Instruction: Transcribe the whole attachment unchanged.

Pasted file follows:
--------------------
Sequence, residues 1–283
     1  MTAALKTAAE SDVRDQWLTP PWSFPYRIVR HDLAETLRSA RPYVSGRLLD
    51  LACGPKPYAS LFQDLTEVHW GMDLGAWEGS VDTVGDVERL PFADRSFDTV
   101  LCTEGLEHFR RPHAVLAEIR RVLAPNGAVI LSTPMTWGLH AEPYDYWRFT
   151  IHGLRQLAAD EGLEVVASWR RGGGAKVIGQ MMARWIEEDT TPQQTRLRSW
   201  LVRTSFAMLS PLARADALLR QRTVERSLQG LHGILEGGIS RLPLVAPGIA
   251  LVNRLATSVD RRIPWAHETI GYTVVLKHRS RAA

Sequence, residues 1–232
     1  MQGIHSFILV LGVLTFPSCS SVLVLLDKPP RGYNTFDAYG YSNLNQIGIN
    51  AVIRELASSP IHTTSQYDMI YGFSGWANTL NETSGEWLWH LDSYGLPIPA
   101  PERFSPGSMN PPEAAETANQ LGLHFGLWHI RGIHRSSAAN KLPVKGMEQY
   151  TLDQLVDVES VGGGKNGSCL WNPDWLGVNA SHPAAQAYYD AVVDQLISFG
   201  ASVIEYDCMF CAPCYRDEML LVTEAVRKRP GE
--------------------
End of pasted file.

Sequence, residues 1–283
     1  MTAALKTAAE SDVRDQWLTP PWSFPYRIVR HDLAETLRSA RPYVSGRLLD
    51  LACGPKPYAS LFQDLTEVHW GMDLGAWEGS VDTVGDVERL PFADRSFDTV
   101  LCTEGLEHFR RPHAVLAEIR RVLAPNGAVI LSTPMTWGLH AEPYDYWRFT
   151  IHGLRQLAAD EGLEVVASWR RGGGAKVIGQ MMARWIEEDT TPQQTRLRSW
   201  LVRTSFAMLS PLARADALLR QRTVERSLQG LHGILEGGIS RLPLVAPGIA
   251  LVNRLATSVD RRIPWAHETI GYTVVLKHRS RAA

Sequence, residues 1–232
     1  MQGIHSFILV LGVLTFPSCS SVLVLLDKPP RGYNTFDAYG YSNLNQIGIN
    51  AVIRELASSP IHTTSQYDMI YGFSGWANTL NETSGEWLWH LDSYGLPIPA
   101  PERFSPGSMN PPEAAETANQ LGLHFGLWHI RGIHRSSAAN KLPVKGMEQY
   151  TLDQLVDVES VGGGKNGSCL WNPDWLGVNA SHPAAQAYYD AVVDQLISFG
   201  ASVIEYDCMF CAPCYRDEML LVTEAVRKRP GE